MSNBC - A Nebraska Lottery official says the winning numbers for the state's Pick 3 lottery on Tuesday were exactly the same as the winning combination from the night before. Lottery spokesman Brian Rockey says one of two lottery computers that randomly generate combinations picked the numbers 1, 9 and 6 - in that order - for Monday night's drawing. He says the other computer picked the same three numbers Tuesday in the same sequence. The odds of such an occurrence? One in a million.

Illinois Governor Blagojevich says his arrest was a surprise like the Japanese attack on Pearl Harbor, but, like America, he will prevail.

An Israeli is going through customs at JFK. The customs officer asks, "Occupation?" and the Israeli says, "No, I'm just visiting."


Anonymous Anonymous said...

To the probabalistically challenged (at MSNBC or elsewhere): while the chance that 1,9,6 would be chose 2 nights in a row is indeed 1 in a million, the chance that the same sequence chosen one night would be picked again the next night is only 1 in 1,000.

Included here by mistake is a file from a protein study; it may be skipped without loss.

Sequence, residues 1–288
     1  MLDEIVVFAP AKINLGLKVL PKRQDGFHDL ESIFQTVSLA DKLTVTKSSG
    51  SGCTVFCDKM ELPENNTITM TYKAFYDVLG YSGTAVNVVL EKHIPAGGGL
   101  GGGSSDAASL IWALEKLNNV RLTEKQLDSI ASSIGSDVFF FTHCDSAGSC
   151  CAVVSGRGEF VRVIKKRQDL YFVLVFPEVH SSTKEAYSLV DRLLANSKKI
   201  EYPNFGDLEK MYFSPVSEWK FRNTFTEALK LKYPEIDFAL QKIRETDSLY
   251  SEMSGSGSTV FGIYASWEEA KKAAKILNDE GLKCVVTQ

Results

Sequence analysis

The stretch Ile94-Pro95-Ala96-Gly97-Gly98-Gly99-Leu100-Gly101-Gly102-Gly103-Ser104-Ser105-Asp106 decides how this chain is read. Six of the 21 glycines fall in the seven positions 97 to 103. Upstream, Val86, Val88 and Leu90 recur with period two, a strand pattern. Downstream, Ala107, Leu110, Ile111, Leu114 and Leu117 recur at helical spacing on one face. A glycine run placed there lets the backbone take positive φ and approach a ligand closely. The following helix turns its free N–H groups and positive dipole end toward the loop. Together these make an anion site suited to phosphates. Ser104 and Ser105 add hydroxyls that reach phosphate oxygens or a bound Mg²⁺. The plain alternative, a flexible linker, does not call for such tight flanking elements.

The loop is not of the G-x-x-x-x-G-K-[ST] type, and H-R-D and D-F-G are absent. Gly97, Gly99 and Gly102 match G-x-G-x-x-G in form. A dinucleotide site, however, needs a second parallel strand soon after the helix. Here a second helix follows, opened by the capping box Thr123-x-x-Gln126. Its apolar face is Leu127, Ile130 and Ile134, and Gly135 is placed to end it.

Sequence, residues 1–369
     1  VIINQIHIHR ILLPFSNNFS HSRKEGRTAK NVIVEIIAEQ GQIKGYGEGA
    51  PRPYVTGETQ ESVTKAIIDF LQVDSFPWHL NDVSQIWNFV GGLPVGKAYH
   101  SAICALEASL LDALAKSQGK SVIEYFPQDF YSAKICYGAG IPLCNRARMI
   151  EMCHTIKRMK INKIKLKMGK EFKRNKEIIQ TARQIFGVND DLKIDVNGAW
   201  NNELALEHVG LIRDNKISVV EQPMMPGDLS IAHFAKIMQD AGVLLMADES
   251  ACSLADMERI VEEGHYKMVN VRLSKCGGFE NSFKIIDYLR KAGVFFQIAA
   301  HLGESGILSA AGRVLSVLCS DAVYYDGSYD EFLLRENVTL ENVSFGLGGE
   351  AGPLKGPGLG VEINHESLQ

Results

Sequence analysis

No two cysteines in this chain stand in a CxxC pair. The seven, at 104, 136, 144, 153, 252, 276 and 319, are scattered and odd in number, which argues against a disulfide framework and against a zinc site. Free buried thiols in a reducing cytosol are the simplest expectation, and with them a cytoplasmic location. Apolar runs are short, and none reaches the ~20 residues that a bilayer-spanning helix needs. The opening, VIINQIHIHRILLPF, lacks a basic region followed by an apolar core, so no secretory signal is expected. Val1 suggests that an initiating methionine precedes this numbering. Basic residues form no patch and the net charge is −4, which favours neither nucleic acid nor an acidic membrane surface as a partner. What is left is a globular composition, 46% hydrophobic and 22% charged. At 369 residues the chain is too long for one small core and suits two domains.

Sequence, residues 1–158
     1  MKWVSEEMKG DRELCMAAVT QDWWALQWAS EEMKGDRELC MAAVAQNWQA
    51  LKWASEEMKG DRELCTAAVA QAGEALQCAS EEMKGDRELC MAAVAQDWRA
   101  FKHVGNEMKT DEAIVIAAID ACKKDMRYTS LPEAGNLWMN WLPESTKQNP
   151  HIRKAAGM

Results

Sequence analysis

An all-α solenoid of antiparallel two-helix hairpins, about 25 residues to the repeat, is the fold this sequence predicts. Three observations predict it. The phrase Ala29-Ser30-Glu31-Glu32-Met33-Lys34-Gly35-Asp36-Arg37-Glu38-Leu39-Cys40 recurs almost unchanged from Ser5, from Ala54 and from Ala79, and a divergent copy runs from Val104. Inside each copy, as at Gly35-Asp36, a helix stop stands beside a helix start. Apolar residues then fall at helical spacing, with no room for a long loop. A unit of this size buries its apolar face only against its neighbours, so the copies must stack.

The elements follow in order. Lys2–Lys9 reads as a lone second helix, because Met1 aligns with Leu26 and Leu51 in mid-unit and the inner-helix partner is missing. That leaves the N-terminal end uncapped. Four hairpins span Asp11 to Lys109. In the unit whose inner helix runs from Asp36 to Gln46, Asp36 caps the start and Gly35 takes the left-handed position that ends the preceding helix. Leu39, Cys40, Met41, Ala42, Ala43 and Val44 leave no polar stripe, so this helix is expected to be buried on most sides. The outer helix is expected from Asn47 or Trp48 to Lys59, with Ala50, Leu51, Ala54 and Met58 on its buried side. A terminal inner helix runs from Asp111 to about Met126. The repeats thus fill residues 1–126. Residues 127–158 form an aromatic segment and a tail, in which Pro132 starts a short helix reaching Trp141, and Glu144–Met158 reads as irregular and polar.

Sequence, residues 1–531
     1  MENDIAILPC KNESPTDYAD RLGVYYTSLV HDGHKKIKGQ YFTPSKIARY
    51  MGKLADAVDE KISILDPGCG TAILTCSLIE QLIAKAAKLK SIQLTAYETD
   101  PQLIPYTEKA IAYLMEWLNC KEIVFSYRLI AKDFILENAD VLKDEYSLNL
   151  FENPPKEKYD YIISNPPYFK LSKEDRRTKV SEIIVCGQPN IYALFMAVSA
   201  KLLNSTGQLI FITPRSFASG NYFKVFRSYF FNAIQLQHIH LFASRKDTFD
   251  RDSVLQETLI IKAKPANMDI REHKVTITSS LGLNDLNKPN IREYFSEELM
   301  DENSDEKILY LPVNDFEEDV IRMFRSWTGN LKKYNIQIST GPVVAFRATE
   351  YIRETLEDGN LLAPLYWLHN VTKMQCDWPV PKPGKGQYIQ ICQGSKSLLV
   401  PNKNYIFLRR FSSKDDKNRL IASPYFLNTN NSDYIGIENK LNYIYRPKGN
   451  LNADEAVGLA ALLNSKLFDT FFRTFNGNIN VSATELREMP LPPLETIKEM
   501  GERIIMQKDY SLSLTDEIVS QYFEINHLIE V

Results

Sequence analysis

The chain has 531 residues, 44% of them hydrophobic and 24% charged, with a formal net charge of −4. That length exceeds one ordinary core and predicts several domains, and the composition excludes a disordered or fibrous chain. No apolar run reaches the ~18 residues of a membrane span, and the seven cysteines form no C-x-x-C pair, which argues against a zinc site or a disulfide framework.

January 23, 2009 4:36 PM  
Anonymous Anonymous said...

Gee, I wish RIAA would understand that letting people hear music and see programs and movies on the tiny pixeled screen can sell CDs and DVDs.

In October, Weird Al Yankovic released his latest single,"Whatever You Like" on YouTube and iTunes, while the original song by T.I. was still at #1. Weird Al's parody premeired at #104 on the Billboard Charts that week, all because of YouTube and iTunes exposure.

I know that I have found music and movies I like on YouTube and seeing it there has caused me to buy products from the performers. If those vids weren't avilable, I never would have seen the artists or bought their CDs, t-shirts or attended their shows. I won't buy music from a performer I'm not familiar with from a written description of their music, and most other people feel the same way.

Anyone who doesn't understand that is really confused or worse.

January 24, 2009 1:06 PM